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Be proud of your finish no matter where it falls.

This month I turn 45. As a gift to myself, I wanted to see if I could create an experience that would poke and prod at me in very uncomfortable ways. Some people like birthday cake and lavish presents. Me? I like to suffer. I can't explain these things. So, I signed up for the Steens Mazama 1000--a 1,000-mile self-supported, complete masochist of a bike race that would take me to remote stretches and peaks of Oregon I had never seen.

My only goals were as follows:

1) Start.

2) See how far I could go before my bike or body gave out.

3) Sponge every second of it in.

Doing 1,000 miles was never the end goal (cool if it happened, but not the focus). This was my ride and the finish line would logically present itself. Oh and it did, but more on this later.

So, I bought my first tent, borrowed some supplies from my wonderful friends, and packed up my bike for the July 6 departure. And then I went and did it. I lined up with some very serious athletes who meant business (months and months of training under their spandex), and my pal, Lee, who learned about it on June 2 and signed up a few days later. Underdogs. We were made to do this race together.

By the end of the first day, we knew that we had already won. A mad dash out of Portland to rural roads of Estacada, trudging alongside the Clackamas River with its borders defined by wild flowers and butterflies, and then finally descending into Detroit. We poached a camping spot in the dark and settled into what would become our rhythm for the next several days. Early morning wake up. Coffee time. Forage for food. Git on the road. Lee and I would begin our days together and then he would lurch ahead. We'd ride solo until he would magically appear to flag me down for catch up time, snacks, water refuel, etc. Repeat.

Philosophically, I knew I had to just keep pedaling forward, so I was truly terrible at reviewing the GPS for what was next. It really didn't matter, right? I was going to have to climb whatever it was anyways. Including the Santiam Pass. Um, how did I miss that I would be climbing the Santiam Pass? The first of oh shit moments quickly presented itself. I took a swig of water, wishing I still drank stiffer things, and began to climb. Slowly trudging up and up and up with traffic whizzing by. All sounds disappeared. All thoughts disappeared. My only purpose was to climb and that's what my body did until I reached the top, where I found Lee waiting for me to celebrate.

In the coming days, the Santiam would seem like a tiny hill in comparison to the other challenges, but it set the stage for what my body and mind could do. I was right, I just needed to pedal forward. There was nothing I couldn't do. When my shoe came apart after a climb out of Bend, I grabbed tube patching glue and electrical tape and McGyvered the hell out of it on the side of the road (BTW, it held for the rest of the trip). When I ran out of water and sunlight during the stretch between Bend and Burns, I sucked it up, turned on my light and kept going until I reached my destination. When my hobo camp was swarmed by fire ants and I had to find a new squatting spot in the middle of the night. When my neck fatigued (check it out: Shermer's's a thing. Who knew?) and would no longer hold my head up in the Hart Mountain Antelope Refuge, I walked my bike forward in the blistering sun and uneven washboard gravel of death. Forward. That was my only direction.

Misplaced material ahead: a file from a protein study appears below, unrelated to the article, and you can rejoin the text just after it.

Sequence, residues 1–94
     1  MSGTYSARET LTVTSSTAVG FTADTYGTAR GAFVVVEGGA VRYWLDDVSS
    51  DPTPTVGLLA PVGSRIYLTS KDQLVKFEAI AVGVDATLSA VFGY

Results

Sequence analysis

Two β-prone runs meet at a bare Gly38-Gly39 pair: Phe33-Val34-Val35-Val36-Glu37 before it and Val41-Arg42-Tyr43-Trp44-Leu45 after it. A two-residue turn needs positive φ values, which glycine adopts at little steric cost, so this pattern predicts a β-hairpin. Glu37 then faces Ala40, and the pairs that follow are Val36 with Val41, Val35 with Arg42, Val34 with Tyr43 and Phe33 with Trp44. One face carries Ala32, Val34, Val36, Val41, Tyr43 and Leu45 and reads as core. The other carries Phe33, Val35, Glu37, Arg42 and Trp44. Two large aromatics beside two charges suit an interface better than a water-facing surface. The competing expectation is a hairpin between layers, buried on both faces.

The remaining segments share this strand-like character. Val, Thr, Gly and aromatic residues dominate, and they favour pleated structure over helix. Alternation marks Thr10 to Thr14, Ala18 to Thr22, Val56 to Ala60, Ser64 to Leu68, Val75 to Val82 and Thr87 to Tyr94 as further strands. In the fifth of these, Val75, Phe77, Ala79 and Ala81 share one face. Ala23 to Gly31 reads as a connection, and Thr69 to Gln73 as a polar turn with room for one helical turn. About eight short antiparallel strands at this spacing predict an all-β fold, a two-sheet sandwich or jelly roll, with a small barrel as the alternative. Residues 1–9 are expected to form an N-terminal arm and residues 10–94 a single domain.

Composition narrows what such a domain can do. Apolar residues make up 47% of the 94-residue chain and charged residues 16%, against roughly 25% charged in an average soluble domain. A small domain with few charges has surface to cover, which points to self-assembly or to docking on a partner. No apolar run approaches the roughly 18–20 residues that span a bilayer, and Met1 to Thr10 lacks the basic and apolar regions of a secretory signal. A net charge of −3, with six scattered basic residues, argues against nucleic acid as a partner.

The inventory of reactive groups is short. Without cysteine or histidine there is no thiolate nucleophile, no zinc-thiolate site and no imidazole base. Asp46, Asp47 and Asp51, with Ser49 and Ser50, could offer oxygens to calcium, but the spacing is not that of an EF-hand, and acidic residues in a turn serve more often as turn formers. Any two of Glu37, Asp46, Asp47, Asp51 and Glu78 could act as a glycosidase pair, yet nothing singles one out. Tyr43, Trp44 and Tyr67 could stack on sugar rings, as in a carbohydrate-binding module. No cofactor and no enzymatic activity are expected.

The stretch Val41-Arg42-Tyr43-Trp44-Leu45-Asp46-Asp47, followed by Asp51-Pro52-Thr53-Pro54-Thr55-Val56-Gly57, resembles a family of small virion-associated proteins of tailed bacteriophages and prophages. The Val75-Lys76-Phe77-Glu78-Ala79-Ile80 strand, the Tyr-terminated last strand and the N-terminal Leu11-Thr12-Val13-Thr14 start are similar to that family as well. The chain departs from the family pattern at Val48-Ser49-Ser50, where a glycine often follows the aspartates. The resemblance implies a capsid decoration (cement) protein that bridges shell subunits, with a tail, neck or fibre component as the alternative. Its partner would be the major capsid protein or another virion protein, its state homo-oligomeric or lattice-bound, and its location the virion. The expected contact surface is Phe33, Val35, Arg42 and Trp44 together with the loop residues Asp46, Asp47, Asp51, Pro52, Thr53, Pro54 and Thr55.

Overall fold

I contemplated many finish lines. What's good enough? When do I call it? And then I knew. It was when I could no longer hold my head safely during the climb up Crater Lake. I couldn't see and the entire point of adventuring is to see. To really see and savor. What a perfect place to finish: Mazama. To the top I went, straight into the restaurant where I ate all the cornbread and chili I could, bought some Wi-Fi, and messaged Dave. It was time to go home.

700 miles. 50,000 feet climbed. 9 days of seeing the world through a new lens, of priorities shifting, to the trivial disappearing, to rests in rivers and hot springs, to new friends who I will love and love forever. To many many realizations about myself, my family, and how deeply I love possibilities, especially when made into realities. And how deeply I despise fire ants. A story for another time.

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